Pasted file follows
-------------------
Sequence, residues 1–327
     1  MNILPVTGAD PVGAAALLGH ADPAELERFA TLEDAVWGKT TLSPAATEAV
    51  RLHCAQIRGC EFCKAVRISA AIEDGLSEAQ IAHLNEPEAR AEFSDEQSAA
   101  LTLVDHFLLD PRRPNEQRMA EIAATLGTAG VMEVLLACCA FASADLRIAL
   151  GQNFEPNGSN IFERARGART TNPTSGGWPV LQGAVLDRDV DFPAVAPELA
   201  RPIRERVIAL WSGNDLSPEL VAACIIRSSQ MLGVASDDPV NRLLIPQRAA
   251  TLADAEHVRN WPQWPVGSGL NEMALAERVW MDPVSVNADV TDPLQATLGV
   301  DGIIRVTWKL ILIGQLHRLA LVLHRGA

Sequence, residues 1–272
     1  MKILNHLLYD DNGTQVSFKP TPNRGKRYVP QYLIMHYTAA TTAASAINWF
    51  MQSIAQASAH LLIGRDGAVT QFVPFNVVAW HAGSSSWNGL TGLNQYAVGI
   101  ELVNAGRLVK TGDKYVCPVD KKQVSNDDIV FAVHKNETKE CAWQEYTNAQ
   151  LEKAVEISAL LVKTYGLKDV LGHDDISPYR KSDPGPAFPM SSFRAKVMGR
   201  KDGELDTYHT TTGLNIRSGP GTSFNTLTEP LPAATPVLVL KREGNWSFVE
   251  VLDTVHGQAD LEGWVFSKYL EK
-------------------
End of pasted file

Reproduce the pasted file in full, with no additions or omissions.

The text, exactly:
Sequence, residues 1–327
     1  MNILPVTGAD PVGAAALLGH ADPAELERFA TLEDAVWGKT TLSPAATEAV
    51  RLHCAQIRGC EFCKAVRISA AIEDGLSEAQ IAHLNEPEAR AEFSDEQSAA
   101  LTLVDHFLLD PRRPNEQRMA EIAATLGTAG VMEVLLACCA FASADLRIAL
   151  GQNFEPNGSN IFERARGART TNPTSGGWPV LQGAVLDRDV DFPAVAPELA
   201  RPIRERVIAL WSGNDLSPEL VAACIIRSSQ MLGVASDDPV NRLLIPQRAA
   251  TLADAEHVRN WPQWPVGSGL NEMALAERVW MDPVSVNADV TDPLQATLGV
   301  DGIIRVTWKL ILIGQLHRLA LVLHRGA

Sequence, residues 1–272
     1  MKILNHLLYD DNGTQVSFKP TPNRGKRYVP QYLIMHYTAA TTAASAINWF
    51  MQSIAQASAH LLIGRDGAVT QFVPFNVVAW HAGSSSWNGL TGLNQYAVGI
   101  ELVNAGRLVK TGDKYVCPVD KKQVSNDDIV FAVHKNETKE CAWQEYTNAQ
   151  LEKAVEISAL LVKTYGLKDV LGHDDISPYR KSDPGPAFPM SSFRAKVMGR
   201  KDGELDTYHT TTGLNIRSGP GTSFNTLTEP LPAATPVLVL KREGNWSFVE
   251  VLDTVHGQAD LEGWVFSKYL EK